The rest of the story is a fairytale. It is actually based on Snow White and Rose Red. Once Liga's daughters are old enough to have personalities, Tender Morsels becomes their story. It is about Branza and Urdda learning who they are as people and learning how to make their own way in what is, literally, their mother's world. Their story is beautiful, and I think the ugliness that preceeds it helps to make it so. Urdda grows up to be the awesomely headstrong and smart young woman that I always look for in book. I want a whole other book full of her, especially once she leaves her mother's heaven. Branza's nice too, but I clearly have my favorite.
But here is my dilemma: By the end, I really liked this book and I would love to recommend it, but to whom? I don't agree with the Common Sense rating at Barnes and Noble, that Tender Morsels is not appropriate for anyone under 18, but I do think that I may hesitate to recommend it to young adults that I do not know extremely well. That said, this book will have its readers, both teen and adult.
Book source: Philly Free Library
If you do give this book to someone on the younger side of "young adult" be prepared to discuss some of the issues that arise in it with them. As other reviewers have stated, there is incest, rape, forced abortions, contemplations of suicide, and borderline bestiality. The audience for this book is not the same as say, Ella Enchanted or Beauty: A Retelling of the Story of Beauty and the Beast or The Goose Girl. If you want a fairy tale re-telling that is funny, or adventurous, or romantic, this story is NOT the right story for you.
So who is the audience for this book? I think that those who like the SNOW WHITE, BLOOD RED (CREED S.) series of adult fairy tale re-tellings are good candidates to like (maybe even love) this book as well.
So far, it sounds like I hated the book, but obviously, giving it four stars, I didn't. It is beautifully-written and very powerful. I'm still thinking about it even though I finished reading it over a week ago. It's the kind of book I think I'll probably come back to years from now to re-read, and I know I'll get something different out of it than I did the first time through.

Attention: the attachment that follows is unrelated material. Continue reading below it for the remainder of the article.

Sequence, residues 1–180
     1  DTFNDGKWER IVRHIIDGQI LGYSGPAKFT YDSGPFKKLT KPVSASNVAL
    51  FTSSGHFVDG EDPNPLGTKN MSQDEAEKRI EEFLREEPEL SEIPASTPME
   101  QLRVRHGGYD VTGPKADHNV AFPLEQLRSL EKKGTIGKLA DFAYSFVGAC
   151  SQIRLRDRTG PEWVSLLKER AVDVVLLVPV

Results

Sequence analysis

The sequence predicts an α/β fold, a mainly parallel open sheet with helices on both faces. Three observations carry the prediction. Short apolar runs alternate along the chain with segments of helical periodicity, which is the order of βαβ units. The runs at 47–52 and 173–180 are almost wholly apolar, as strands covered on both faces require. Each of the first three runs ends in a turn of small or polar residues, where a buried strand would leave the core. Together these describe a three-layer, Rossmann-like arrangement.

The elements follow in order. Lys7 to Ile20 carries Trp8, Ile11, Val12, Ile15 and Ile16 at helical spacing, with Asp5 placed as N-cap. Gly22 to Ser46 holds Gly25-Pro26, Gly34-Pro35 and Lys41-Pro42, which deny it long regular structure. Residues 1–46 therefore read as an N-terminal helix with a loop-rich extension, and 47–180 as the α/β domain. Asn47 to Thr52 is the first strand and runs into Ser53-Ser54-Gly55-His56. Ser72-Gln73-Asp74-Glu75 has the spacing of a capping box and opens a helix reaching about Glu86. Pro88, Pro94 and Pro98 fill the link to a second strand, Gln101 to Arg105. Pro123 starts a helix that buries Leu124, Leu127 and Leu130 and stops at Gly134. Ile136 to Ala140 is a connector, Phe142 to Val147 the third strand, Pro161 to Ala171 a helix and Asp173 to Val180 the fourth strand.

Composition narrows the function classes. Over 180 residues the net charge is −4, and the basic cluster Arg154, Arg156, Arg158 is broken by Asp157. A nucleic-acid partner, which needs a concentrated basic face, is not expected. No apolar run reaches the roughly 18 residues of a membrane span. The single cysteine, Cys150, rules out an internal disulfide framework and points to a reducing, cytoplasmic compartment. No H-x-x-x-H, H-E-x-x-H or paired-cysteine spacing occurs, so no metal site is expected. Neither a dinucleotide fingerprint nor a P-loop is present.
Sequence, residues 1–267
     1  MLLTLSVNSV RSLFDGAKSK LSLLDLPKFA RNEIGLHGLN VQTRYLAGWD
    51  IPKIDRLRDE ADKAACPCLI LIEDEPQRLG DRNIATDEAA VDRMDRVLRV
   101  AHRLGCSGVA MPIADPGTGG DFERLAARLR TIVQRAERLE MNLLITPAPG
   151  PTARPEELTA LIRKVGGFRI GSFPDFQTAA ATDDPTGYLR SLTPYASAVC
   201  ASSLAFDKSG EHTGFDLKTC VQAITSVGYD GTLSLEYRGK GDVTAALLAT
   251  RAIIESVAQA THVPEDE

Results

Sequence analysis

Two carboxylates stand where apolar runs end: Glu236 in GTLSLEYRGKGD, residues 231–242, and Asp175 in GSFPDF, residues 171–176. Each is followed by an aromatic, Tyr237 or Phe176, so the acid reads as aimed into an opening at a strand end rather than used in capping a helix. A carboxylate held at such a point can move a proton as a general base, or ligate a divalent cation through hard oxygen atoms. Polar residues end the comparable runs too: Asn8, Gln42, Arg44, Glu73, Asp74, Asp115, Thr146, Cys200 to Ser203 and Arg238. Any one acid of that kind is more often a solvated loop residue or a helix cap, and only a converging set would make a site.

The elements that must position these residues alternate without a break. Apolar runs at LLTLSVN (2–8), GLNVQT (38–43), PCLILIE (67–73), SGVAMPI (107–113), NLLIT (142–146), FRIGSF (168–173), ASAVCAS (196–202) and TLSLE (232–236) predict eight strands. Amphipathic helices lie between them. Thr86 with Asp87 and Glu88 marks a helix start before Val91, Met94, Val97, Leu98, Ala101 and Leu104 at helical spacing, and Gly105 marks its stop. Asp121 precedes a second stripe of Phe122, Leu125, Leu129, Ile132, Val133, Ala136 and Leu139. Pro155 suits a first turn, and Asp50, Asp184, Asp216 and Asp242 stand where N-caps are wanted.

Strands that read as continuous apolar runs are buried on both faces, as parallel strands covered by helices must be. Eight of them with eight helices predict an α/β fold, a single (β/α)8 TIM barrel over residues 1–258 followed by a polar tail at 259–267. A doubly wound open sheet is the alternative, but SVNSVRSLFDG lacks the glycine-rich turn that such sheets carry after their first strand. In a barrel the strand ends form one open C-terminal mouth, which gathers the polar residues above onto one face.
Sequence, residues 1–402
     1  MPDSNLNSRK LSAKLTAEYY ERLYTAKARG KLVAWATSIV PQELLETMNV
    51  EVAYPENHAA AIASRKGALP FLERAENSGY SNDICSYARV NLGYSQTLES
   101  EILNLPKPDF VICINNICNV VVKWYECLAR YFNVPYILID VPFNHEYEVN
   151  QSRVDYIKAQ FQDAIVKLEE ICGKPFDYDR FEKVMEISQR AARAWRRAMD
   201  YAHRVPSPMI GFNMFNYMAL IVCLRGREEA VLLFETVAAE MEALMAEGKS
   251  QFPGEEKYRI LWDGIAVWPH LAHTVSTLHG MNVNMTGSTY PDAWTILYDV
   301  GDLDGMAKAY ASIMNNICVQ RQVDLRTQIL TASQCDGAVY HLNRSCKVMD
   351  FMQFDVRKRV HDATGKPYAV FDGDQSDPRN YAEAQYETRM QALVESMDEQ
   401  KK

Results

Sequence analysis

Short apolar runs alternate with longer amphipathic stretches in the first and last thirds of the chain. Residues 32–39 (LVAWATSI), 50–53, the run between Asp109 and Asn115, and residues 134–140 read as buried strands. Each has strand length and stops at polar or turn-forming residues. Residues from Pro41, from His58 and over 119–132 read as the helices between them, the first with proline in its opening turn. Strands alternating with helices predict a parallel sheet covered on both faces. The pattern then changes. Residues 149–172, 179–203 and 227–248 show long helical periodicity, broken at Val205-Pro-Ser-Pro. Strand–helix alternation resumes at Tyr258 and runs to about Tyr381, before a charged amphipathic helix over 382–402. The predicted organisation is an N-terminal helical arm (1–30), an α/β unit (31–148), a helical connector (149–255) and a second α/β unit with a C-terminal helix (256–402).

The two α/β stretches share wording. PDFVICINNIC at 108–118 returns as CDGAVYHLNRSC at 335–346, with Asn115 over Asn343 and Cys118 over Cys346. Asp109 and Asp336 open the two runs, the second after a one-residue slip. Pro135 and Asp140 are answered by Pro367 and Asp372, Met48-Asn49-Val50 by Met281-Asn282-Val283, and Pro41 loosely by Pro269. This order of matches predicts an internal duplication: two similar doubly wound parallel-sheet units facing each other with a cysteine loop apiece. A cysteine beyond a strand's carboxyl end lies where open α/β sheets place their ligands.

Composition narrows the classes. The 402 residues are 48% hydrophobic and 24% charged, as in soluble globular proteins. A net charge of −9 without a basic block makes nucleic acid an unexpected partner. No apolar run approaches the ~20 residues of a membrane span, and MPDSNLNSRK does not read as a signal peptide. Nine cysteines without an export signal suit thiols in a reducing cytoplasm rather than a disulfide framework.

Now living alone, Liga gives birth to her baby, Branza, though misfortune still lurks around the corner. She gets raped by five town boys, and is soon pregnant again. Devasted, Liga attempts to kill herself and her baby, because life is too cruel for either of them to live. However, a mysterious force prevents her from doing so, and takes her to her own person heaven, a safe place where all evils and woes are gone. There, she gives birth to Urdda, her fiery second daughter. As the years pass by, Liga raises her two daughters in the safe world of her personal heaven. However, greedy men and magicked bears intrude on their barriers, whether accidental or not, and Liga's heavenly life is turned upside down.
Tender Morsels was fantastic. The prose was unusual but extraordinary, and captured the darkness and brutality of this tale. The prologue was quite confusing since the writing was so lyrical, so I had to reread it a few times to understand it. (If you go back and reread it after you finish the book, it makes a lot more sense.) However, once that was out of the way, the first few pages were extremely grim; they documented Liga's sexual abuse and miscarriages, though I was mesmerized by the disturbingness. The author does a pretty good job of skirting around the actual rape scenes, and tends to describe the traumatic effects opposed to the action. The characters are deep, realistic, and flawed, and all have their motivations. After I finished reading the book, I just sat there for a moment, slowly surfacing out of the rich world that Tender Morsels takes place in. This book is rich and hearty, like soup, and will keep your belly full of thoughts and questions for the next few days.
My favorite character was Urdda, because she was so fiery! She never hesitating in asking for the truth, and loved the spirit of adventure. Branza was more gentle, like her mother Liga, but just as realistic. The character of Bullock bothered me, for some reason, maybe because he seemed a little too bland.
I rated this book only four stars because I was not partial to the ending. Though I won't unleash any spoilers, it seemed abrupt, and everybody ended up doing the wrong things and with the wrong people. Also, Branza still seemed to yearn for life in heaven, and many of her questions still lay unanswered, all because she didn't want to press her mom for the details. This goes against the message that the book seems to say, which is that shelter from the harsh truth is never good.
I'm a fan of dark re-tellings. I loved Brom's The Child Thief and often recommend it. I'll be recommending Tender Morsels as well, but not to as many folks - as this retelling makes Brom's look like it's child's play.
Although not-explicit, there is brutal attacks and incest in this book - in fact it's the springboard for the story. To Lanagan's credit, the story doesn't revolve around these horrible acts, but they are always there and present in the background.
At times it was confusing and I had to go back and re-read several pages to figure out who's point of view I was reading, but each time I did so I found a new passage or turn of phrase that made it worth while. This is a beautifully written book, just not a book for everyone. I cannot imagine handing this story off to a young teenager with an "Enjoy!".
This story spoke to me, especially these days when I am feeling down and depressed and like life has really kicked me hard. I catch myself wishing for a heaven of my own, as Liga found, but when all is said and done, I wouldn't give up my life, my family, the hardships and the joys for something of sheltering and imperfect peace. Although I wish I was an Urdda, I know I am more of a Branza, a girl who thinks she wants the quiet and peace of an imaginary heaven but really needs to experience life here.